Mental illness is a complicated issue but Jarrid Wilson and his wife, Juli hope to raise awareness and provide support for those struggling with mental illness through their new nonprofit. Moving to Franklin just a couple of years ago, the Wilsons have started a non-profit called Anthem of Hope. For Jarrid, it is personal, so starting a Anthem of Hope feels like a higher calling for him. We sat down with Jarrid to learn more about Anthem of Hope, how you can get involved and most importantly if you are looking for answers, where to find them.
Tell us what brought you to Franklin?
My wife and I have lived here for about 2 years. And before that we lived in a city outside of Nashville where I was working at a church. After my book deal, my wife and I decided that it was time to step out. If we really want to live the life that I was called to, to write and speak and start a non-profit, which I didn’t know at the time, this was the time to do it.
And so we stepped down and moved to Franklin and we’ve been here for two years now. And the doors have just opened up like crazy. So stepping out in faith really helped.
For most women, that would be a scary proposition, how did your wife support you?
My wife has discernment that I trust 100 percent, she just knows. She has something in her heart that will say “I don’t think this is something that we should be doing,” then I’ll listen to her because she just has this gift of discernment that I trust and I value. When we stepped down from the church it was unanimous that we were supposed to do that. And when it was time to see what we were supposed to do next, she said “let’s really pursue your writing and your speaking.” We went for it. We stepped down from the church while my wife was 7 months pregnant. We stepped down with no backup, not knowing where my next paycheck was coming from.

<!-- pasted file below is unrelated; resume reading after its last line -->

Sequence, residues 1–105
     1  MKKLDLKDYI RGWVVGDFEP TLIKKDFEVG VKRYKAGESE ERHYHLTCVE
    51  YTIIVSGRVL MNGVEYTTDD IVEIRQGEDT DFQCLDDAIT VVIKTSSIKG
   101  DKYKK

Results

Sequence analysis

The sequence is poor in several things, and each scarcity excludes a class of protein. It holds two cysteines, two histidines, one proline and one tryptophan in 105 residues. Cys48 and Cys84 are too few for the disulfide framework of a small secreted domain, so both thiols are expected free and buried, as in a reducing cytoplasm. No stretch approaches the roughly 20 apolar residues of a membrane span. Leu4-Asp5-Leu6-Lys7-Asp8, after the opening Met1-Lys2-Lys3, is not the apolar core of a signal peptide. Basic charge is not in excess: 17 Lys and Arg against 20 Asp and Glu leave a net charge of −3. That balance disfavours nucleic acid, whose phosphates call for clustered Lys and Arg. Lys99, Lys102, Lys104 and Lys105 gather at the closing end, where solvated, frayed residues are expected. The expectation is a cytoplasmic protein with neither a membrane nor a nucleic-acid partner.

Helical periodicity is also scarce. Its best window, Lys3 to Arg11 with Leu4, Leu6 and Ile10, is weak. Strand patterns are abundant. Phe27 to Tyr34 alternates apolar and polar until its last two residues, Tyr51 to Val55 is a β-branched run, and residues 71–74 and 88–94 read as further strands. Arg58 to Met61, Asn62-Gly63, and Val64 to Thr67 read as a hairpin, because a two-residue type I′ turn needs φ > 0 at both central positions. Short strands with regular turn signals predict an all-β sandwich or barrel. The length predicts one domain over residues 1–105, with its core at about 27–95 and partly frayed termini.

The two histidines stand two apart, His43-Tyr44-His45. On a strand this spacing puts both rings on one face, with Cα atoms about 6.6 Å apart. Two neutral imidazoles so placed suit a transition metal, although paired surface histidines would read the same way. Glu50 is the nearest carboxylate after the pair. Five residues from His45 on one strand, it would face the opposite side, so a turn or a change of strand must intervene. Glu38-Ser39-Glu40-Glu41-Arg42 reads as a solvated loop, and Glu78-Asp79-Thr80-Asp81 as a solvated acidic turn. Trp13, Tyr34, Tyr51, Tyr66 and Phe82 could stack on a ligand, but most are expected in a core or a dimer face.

We had our baby and a month later, we moved to Franklin and speaking opportunities opened up, another book deal came up, a bunch of income opportunities opened up, then after being here for about two years my wife and I decided that now it’s time to dive into that second part we talked about- launching the nonprofit for people with mental health issues. It’s for people struggling with depression, anxiety, PTSD, self harm and suicide. My side of the story is suicide. We both had a past with worry and anxiety and stress. And we realized that there is still a stigma in the church in regards to mental health, and I can say this with complete confidence.
How do you feel the church handles mental health?
In the church, you either pray it away or you don’t have enough faith. And that’s not right. You wouldn’t tell a seven year old girl who has cancer that she shouldn’t get chemo because that means she’s not having enough faith in God. If you wouldn’t do that, then why would you tell someone with a mental disorder to not be on medication? Pastors would never tell someone not to get treatment for chemo, so why do they tell them not to take medication? The church is very ill-equipped to take on the topic of mental health. There are a few pastors that are doing incredible things with it. One of those pastors is Rick Warren, who I lived next to his church in Orange County. His son had passed away after committing suicide. And Rick, out of that brokenness and trial said “well I’m gonna do something because I realize that the church doesn’t do much with this.” So they were very open and honest with their church, while creating programs in the church. Addressing mental health and creating resources isn’t really a thing in the faith based community.